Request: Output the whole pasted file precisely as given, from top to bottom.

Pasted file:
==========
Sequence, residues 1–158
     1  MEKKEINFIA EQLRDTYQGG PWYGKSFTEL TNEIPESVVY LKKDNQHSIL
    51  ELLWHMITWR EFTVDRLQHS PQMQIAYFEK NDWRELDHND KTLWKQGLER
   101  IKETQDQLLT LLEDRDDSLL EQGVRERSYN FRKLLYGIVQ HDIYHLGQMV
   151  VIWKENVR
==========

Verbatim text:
Sequence, residues 1–158
     1  MEKKEINFIA EQLRDTYQGG PWYGKSFTEL TNEIPESVVY LKKDNQHSIL
    51  ELLWHMITWR EFTVDRLQHS PQMQIAYFEK NDWRELDHND KTLWKQGLER
   101  IKETQDQLLT LLEDRDDSLL EQGVRERSYN FRKLLYGIVQ HDIYHLGQMV
   151  VIWKENVR